Saturday, January 24, 2009

Film/Physics: "The Italian Job"

"The Italian Job" problem solved. (How do they get the gold from the end of the bus (which is hanging over a cliff)?)
I agree with the commenter who wrote:
"So... once they've deflated the tyres and drained the fuel tanks (presumably over the edge of the cliff) how do they drive away with the gold? The winning solution has just replaced one problem with another."

Thursday, January 22, 2009

YouTube: Wolves and Foxes

I've created a couple of music video playlists for bands who are named after or sing about wolves or foxes. Enjoy.

Wednesday, January 21, 2009

Music: Country Lyrics

Do you ever see or hear something so strange that it makes you think that either the world has gone crazy or you have? I had that sensation when I saw the TV ad for Snuggies. Truly a WTF moment. (And now I just saw the Slanket video.)

Driving home tonight, I heard "Mental Revenge", as performed by Waylon Jennings. Something about the lyrics struck me as just a little off. "So all in all, if the curtain should fall, Lord, I hope that it falls on you." That's stupid but funny, I suppose. "Well, I hope that the train from Caribou, Maine, runs over your new love affair. You walk the floor from door to door, and pull out your peroxide hair." Bitter! And then the chorus: "I will have sweet, sweet, sweet mental revenge. I will have sweet, sweet, sweet mental revenge." I'm not sure what "mental revenge" is. How does it differ from non-mental revenge? I think it was just my frame of mind, but at the time, this song struck me as completely nuts.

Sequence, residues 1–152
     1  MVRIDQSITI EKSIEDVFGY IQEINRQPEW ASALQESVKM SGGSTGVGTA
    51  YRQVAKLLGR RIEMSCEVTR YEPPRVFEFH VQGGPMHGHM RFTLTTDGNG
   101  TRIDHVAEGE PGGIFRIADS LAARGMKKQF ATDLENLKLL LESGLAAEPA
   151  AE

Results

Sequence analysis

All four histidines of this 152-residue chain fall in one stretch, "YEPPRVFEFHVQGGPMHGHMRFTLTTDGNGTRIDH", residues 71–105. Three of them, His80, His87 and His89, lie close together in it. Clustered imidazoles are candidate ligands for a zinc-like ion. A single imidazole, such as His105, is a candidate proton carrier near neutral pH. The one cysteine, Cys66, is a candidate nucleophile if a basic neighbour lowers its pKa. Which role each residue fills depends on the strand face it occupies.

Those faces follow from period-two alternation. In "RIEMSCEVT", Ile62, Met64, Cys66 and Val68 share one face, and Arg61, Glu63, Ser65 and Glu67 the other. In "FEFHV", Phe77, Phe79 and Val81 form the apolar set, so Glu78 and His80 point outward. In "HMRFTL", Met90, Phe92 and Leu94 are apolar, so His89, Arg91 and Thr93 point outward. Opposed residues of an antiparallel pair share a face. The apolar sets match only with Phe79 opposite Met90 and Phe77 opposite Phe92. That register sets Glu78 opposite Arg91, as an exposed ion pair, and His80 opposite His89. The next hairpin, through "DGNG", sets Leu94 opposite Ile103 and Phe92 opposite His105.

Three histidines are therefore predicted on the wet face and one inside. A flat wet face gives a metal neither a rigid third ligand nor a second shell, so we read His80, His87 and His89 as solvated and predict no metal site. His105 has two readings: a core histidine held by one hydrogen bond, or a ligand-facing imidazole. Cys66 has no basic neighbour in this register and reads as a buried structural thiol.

Shouldn't be surprised by the repetition of "sweet" considering the song was written by stammering Mel Tillis.

That song was immediately followed by Randy Houser's "Anything Goes", and that has great lyrics (written by Brice Long and John Wiggins). "Anything goes when everything's gone." It represents what I like best about country music - clever yet meaningful wordplay.

Monday, January 19, 2009

Music: U2 Cover

Pitchfork reports that the cover of the new U2 album is a photograph that was previously used by some "sound artists". (They sound like white noise to me.) I'm sure this was an innocent move by U2, who, like the rest of us, had probably never heard of these pretentious tossers.

Didn't U2 get into trouble for "The Unforgettable Fire" photos by Anton Corbijn, because he was copying the technique of another photo artist? Now they actually pay to use the original photo and get (very minor) flak.

My only objection is that the album is called "No Line On The Horizon", and the photo very clearly has a line on the horizon.

Pitchfork mentions this happened before to Bob Dylan and Luna.

The same photo was also used by Fountains Of Wayne and The Flamingoes.

You can hear the new U2 single, "Get On Your Boots", on their site. I like the "sexy boots" line but "Kinky Boots" would be better. In fact, "Zip Up Your Mickey" would have been a better title for the song.

Tuesday, January 13, 2009

Music: "Running With The Devil"